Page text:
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Greetings,
I guess it depends, crypto is quite a wide subject, what are you going to teach? I'm not familiar with the grading system so... Do you want to implement actual algorithms? Then re implementing md5 Can be a good start! Its not that hard to do and it does look impressive... Other than that, depending on your students level you could have a in depth look at pki set up and management, or even implementing well known algorithms that are a bit harder such as rsa or current aes. In both those endeavors, having handy copies ofCrypt::Openssl::AES and Crypt::Openssl::RSA can be a boon as reference material and such.
If you decide to put yourself in a hacker's shoes (which can do for a fun programming camp) then you can go the audit road. It might take a bit of a preparation but you can grab any entry level cryptanalysis book and do easy two step classes for a bunch of well known ciphers (eg caesar):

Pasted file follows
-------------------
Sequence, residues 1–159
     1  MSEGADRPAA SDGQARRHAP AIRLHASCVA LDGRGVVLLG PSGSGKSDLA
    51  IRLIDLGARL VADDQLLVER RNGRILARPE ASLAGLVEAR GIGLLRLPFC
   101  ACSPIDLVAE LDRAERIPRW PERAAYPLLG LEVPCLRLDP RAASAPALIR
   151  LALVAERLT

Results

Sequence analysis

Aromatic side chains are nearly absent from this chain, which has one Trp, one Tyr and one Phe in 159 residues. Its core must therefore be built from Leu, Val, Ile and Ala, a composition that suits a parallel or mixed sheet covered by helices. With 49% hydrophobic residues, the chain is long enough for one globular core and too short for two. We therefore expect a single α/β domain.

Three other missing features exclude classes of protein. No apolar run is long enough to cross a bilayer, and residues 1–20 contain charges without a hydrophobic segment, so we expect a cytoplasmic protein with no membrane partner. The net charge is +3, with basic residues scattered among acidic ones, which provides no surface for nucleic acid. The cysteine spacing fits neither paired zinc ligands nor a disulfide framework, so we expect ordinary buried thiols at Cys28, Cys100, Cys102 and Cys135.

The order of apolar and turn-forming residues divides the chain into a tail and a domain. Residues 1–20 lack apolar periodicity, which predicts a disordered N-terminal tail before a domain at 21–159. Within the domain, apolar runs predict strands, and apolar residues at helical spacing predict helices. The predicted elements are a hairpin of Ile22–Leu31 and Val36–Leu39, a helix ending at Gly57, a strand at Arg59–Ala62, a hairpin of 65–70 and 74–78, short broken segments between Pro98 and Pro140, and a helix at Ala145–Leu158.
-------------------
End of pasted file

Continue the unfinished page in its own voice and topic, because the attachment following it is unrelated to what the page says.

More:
1. implement the cypher
  2. Do a cryptanalysis
if your students are very good you can also go in full cracker mode, prepare your course by implementing some algorithms (such as md5,aes, rsa) in a sloppy way, thus introducing a flaw only YOU know about (or a backdoor, depending on the pov) and then look for it with your students.

On that topic, something else you can go about implementing would be a random number generator, I'd advise implementing two, one cryptographically strong and a weak one. Then you make the students use both and study attacks against both, thus demonstrating why using low entropy sources is a bad idea.

Food for thought, food for thought... Hope I have helped.


In reply to Re: Perl Cryptography - Seeking Resources by QuillMeantTen
in thread Perl Cryptography - Seeking Resources by ljamison

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